The History of Memorial Day: Its Link to America’s Heritage

History Hub
6 May 2023
by Ancestry® Team

Did someone in your family give their life fighting for their country? Memorial Day helps Americans celebrate their immediate family members and distant relatives who have lost their lives serving in the U.S. Armed Forces. Learn the truth about Memorial Day, its origins, and understand when it is observed. 

A Look Back at the History of Memorial Day

It may surprise some Americans to know that Memorial Day history in the United States predates World War I. 

The original name for what is now known as Memorial Day was actually Decoration Day, and it was first celebrated on May 30, 1868, 3 to commemorate the sacrifices of Civil War soldiers. 

The first national commemoration was organized by the Grand Army of the Republic (GAR) and was when former Union Gen. and sitting Ohio Congressman James Garfield made a speech at Arlington National Cemetery, after which 5,000 participants helped to decorate the graves of the more than 20,000 Union and Confederate soldiers who were buried there.

New York was the first state to designate Memorial Day as a legal holiday in 1873. Other states followed suit, and by the end of the century, it was declared a legal holiday in multiple states across the country. 

When World War I ended in 1918, Memorial Day became more widely celebrated as a holiday across the United States as a way to honor the 116,708 American soldiers who died during the Great War.

memorial day parade
Memorial Day Parade – Washington DC – 1942 – Source: Library of Congress

Why Memorial Day Is Observed in the United States

In the United States, Memorial Day is a day of remembrance and mourning of those who died while serving in the United States Armed Forces. 

The day, while sometimes viewed as a celebration of life, is historically intended to honor those who sacrificed their lives for their country. 

From 1868 to 1970, the United States observed Memorial Day on May 30 each year. In 1971, the Uniform Monday Holiday Act came into effect and changed Memorial Day’s observance to the last Monday in May. 

The Act affected numerous other holidays, including Washington’s Birthday and Columbus Day, and set them on Mondays so federal employees could enjoy a three-day weekend. 

Military Heritage and Memorial Day in America 

While many people simply use Memorial Day as an excuse for a long weekend getaway in the United States, acknowledging the meaning behind the day requires thoughtful attention to how the holiday is spent.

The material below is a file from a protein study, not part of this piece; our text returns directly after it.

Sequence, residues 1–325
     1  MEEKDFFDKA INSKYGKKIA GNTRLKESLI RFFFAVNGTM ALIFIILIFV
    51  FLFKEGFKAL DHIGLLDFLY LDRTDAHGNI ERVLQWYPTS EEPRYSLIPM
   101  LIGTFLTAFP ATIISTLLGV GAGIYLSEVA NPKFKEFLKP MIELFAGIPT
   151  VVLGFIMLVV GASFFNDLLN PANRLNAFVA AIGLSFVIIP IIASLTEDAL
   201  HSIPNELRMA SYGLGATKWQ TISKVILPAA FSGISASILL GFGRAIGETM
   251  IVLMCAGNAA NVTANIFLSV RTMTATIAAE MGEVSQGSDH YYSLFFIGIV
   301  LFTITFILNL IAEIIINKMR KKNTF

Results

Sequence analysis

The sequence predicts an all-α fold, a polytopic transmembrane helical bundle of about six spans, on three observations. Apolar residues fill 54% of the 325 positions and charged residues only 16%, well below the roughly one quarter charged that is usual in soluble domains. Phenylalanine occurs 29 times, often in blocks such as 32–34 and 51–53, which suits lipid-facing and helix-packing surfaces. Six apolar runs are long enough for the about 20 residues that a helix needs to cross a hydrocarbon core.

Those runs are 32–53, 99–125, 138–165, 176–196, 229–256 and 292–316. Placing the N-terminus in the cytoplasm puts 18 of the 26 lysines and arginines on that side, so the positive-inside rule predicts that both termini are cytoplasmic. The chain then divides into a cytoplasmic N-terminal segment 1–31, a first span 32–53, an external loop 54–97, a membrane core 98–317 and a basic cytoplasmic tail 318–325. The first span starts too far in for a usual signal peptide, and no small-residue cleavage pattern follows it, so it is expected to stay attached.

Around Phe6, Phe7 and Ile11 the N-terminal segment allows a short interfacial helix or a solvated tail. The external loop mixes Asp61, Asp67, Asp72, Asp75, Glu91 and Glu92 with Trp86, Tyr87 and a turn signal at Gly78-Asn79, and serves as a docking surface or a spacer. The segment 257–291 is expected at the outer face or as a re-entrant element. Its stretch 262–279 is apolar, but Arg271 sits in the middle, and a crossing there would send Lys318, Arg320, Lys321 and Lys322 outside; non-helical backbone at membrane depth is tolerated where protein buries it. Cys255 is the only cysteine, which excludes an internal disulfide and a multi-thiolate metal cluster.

For families with a history of military service, this is a day spent remembering lives lost and teaching younger generations about ancestors who served in the U.S. armed forces.

For families wondering how to preserve and share their military heritage with their kids or grandchildren, Memorial Day activities can include flying an American flag and visiting a war memorial. 

Parents can help kids understand the meaning behind the holiday by going back to its origins as Decoration Day. Bring flowers and decorate the grave of a loved one who gave their life in service. Then, tell stories about that person to keep their memory and name alive within the family. 

Memorial Day can also be a great time for them to share their account of what life was like during the world war  with younger generations. This is a primary resource for keeping the history and personal stories of these times on record. 

memorial day tribute
President and Mrs. Hoover lead nation in observing Memorial Day-1929 -Source: Library of Congress

Trace Your Military Heritage 

Military records are more easily traced when you do some research with your family. Interview living family members and take notes of names, dates, and military branches that your relatives served in. Also, gather any newspaper clippings, obituaries, or photographs your family has access to and store them safely for generations to come to learn from. 

If you are wondering about your family’s military history this Memorial Day, sign up for a free trial with Ancestry® and use our database to search our extensive collections of military records from conflicts back to the Revolutionary War.. Looking at past military records to see if family members on your family tree served can help you understand your past and celebrate your family members’ bravery. 

Discover your family history with a free trial of Ancestry today!